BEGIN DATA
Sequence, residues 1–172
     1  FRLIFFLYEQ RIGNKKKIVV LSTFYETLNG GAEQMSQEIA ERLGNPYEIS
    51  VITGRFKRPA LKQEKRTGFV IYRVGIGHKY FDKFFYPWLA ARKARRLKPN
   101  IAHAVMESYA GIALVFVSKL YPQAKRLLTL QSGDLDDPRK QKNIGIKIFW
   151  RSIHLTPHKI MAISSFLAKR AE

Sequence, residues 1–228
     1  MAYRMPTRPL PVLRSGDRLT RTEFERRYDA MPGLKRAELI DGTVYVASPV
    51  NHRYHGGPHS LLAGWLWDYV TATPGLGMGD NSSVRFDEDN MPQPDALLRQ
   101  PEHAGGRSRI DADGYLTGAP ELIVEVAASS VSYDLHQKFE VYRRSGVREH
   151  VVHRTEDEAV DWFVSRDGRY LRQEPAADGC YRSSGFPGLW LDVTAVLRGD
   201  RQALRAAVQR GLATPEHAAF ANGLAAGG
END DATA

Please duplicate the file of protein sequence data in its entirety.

Sequence, residues 1–172
     1  FRLIFFLYEQ RIGNKKKIVV LSTFYETLNG GAEQMSQEIA ERLGNPYEIS
    51  VITGRFKRPA LKQEKRTGFV IYRVGIGHKY FDKFFYPWLA ARKARRLKPN
   101  IAHAVMESYA GIALVFVSKL YPQAKRLLTL QSGDLDDPRK QKNIGIKIFW
   151  RSIHLTPHKI MAISSFLAKR AE

Sequence, residues 1–228
     1  MAYRMPTRPL PVLRSGDRLT RTEFERRYDA MPGLKRAELI DGTVYVASPV
    51  NHRYHGGPHS LLAGWLWDYV TATPGLGMGD NSSVRFDEDN MPQPDALLRQ
   101  PEHAGGRSRI DADGYLTGAP ELIVEVAASS VSYDLHQKFE VYRRSGVREH
   151  VVHRTEDEAV DWFVSRDGRY LRQEPAADGC YRSSGFPGLW LDVTAVLRGD
   201  RQALRAAVQR GLATPEHAAF ANGLAAGG